United States of America, Plaintiff-appellee, v. Julian Pickett, A/k/a Phil, Defendant-appellant, 940 F.2d 654 (4th Cir. 1991)

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US Court of Appeals for the Fourth Circuit - 940 F.2d 654 (4th Cir. 1991)

Submitted June 26, 1991. Decided July 30, 1991


Appeal from the United States District Court for the Eastern District of North Carolina, at New Bern. Terrence W. Boyle, District Judge. (CR-90-23-4)

Carl L. Tilghman, Beaufort, N.C., for appellant.

Robert E. Skiver, Assistant United States Attorney, Raleigh, N.C., for appellee.

E.D.N.C.

AFFIRMED.

Before DONALD RUSSELL, WIDENER and PHILLIPS, Circuit Judges.

OPINION

PER CURIAM:


Julian Pickett appeals his convictions for conspiracy to distribute, and distribution of, cocaine, in violation of 21 U.S.C. §§ 846 and 841, respectively. On appeal, Pickett claims that the district court erred by admitting a police detective's testimony establishing that he was a vice squad officer who was assigned to cases involving drugs, narcotics, and prostitution, and by denying his motion for judgment of acquittal based on the insufficiency of the evidence. Because neither of the claims Pickett raises on appeal has merit, we affirm his convictions.

* Julian Pickett was convicted after a jury trial of one count each of conspiracy to distribute cocaine, and distribution of cocaine. He received a sentence of 190 months in prison and 60 months of supervised release.

The government's case against Pickett consisted largely of the testimony of two witnesses, Burnett Oliver Williams and Kenneth Tyler. Williams testified that on several occasions during the summer of 1988 he bought cocaine from Pickett in New York City and Jacksonville, North Carolina. Williams also testified that during that time he frequently bought cocaine from two of Pickett's co-defendants, Grant Chester Hagler and Ulrich Paul Giddings. Tyler testified that on numerous occasions during the spring of 1989 he bought rocks of cocaine from Pickett in Jacksonville. The testimony of Williams and Tyler was corroborated by the testimony of Detective James H. Smyre, an investigator for the vice squad in Wilmington, North Carolina. Smyre testified that the phone number which Pickett had given as his home phone number in July 1989 was the same number from which Hagler frequently received calls in a Jacksonville motel room.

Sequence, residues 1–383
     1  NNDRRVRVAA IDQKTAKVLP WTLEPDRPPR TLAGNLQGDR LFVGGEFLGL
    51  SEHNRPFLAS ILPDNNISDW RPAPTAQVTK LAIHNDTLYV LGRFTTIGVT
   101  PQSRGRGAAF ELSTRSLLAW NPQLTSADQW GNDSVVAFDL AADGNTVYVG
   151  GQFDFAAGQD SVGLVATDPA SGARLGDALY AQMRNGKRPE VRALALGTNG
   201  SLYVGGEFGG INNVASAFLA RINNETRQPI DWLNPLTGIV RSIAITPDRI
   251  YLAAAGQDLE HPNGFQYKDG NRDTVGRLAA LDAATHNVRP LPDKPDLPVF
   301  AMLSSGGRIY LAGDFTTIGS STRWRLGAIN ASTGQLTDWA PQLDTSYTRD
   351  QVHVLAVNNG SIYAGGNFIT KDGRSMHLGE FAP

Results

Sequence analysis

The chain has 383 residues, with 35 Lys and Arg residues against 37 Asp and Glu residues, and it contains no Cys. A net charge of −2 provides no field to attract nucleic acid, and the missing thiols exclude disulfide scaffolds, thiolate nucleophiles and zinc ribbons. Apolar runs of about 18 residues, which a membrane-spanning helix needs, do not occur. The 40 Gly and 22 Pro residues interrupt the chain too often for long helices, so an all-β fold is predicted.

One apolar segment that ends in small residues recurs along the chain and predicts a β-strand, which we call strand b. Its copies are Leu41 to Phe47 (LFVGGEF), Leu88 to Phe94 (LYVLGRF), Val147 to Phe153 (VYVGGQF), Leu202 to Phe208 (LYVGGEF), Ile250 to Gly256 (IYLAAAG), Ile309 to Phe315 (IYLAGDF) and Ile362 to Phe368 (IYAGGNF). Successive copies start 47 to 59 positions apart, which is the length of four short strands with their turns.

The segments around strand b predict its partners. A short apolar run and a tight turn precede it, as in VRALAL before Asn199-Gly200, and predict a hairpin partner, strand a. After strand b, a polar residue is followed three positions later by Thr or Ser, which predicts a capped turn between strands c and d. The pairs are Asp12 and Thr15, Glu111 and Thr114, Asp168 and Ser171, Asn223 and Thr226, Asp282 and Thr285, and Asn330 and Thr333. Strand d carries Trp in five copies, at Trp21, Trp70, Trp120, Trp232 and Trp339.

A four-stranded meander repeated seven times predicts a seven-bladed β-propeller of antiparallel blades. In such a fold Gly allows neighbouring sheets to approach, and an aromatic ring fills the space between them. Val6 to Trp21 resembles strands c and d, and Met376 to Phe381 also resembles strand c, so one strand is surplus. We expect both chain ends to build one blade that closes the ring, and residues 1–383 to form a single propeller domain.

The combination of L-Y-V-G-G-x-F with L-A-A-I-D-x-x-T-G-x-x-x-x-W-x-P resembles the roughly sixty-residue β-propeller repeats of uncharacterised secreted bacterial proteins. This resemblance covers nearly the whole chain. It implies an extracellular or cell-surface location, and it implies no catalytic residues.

After the district court denied Pickett's motion for a judgment of acquittal, the jury convicted Pickett of both charges.

II

The trial court has broad discretion in ruling on questions of relevancy and in balancing the probative value of relevant evidence against any undue prejudice. United States v. Zandi, 769 F.2d 229, 237 (4th Cir. 1985). Here, the district court acted well within its discretion in admitting as background information Smyre's statement containing a brief description of his duties as a vice squad officer.

As for Pickett's claim that the evidence presented at trial was insufficient, this Court looks to see whether, viewing the evidence in the light most favorable to the government, any rational trier of fact could have found the defendant guilty beyond a reasonable doubt. United States v. Saunders, 886 F.2d 56, 60 (4th Cir. 1989).

An assessment of witness credibility lies within the sole province of the jury and is not subject to appellate review. Id. One witness's uncorroborated testimony is clearly sufficient to sustain a conviction. Government of Virgin Islands v. Grant, 775 F.2d 508 (3d Cir. 1985); United States v. Figurski, 545 F.2d 389 (4th Cir. 1976). Here, the testimony and corroborating evidence presented at trial clearly was sufficient to sustain each of the convictions.

In summary, we affirm both of Pickett's convictions. We dispense with oral argument because the facts and legal contentions are adequately presented in the materials before the Court and argument would not aid the decisional process.

AFFIRMED.